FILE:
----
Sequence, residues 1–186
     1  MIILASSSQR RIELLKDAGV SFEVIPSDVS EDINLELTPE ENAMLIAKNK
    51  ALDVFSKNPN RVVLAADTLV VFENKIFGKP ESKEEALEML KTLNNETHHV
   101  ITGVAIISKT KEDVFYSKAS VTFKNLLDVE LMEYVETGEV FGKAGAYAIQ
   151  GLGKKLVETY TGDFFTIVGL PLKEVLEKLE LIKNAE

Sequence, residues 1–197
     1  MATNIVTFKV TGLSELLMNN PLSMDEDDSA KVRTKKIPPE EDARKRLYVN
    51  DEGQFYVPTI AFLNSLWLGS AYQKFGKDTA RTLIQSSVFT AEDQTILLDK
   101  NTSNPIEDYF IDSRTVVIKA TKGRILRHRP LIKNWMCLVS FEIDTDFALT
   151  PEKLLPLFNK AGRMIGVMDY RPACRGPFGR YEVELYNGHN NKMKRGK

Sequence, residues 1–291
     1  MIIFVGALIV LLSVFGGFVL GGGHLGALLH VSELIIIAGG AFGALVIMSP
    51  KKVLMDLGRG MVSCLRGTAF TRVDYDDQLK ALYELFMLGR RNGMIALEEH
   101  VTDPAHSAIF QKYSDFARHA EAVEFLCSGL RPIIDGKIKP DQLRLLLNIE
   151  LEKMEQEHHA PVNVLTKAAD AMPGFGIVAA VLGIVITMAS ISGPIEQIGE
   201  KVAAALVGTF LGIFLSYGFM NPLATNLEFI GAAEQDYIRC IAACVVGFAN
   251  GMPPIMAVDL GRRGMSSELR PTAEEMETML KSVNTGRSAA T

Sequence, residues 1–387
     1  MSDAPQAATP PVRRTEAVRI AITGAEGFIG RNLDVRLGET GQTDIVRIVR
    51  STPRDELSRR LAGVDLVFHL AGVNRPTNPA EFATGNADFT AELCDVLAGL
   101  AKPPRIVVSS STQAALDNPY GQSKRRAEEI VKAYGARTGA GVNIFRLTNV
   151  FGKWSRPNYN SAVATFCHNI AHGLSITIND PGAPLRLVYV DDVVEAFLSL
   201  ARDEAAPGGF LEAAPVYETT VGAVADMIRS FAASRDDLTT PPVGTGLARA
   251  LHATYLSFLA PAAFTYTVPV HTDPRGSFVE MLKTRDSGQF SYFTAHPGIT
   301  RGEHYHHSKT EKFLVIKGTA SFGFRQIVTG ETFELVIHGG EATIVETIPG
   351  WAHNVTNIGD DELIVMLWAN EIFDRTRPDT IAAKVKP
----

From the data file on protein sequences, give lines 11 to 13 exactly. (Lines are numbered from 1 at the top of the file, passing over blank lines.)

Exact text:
Sequence, residues 1–291
     1  MIIFVGALIV LLSVFGGFVL GGGHLGALLH VSELIIIAGG AFGALVIMSP
    51  KKVLMDLGRG MVSCLRGTAF TRVDYDDQLK ALYELFMLGR RNGMIALEEH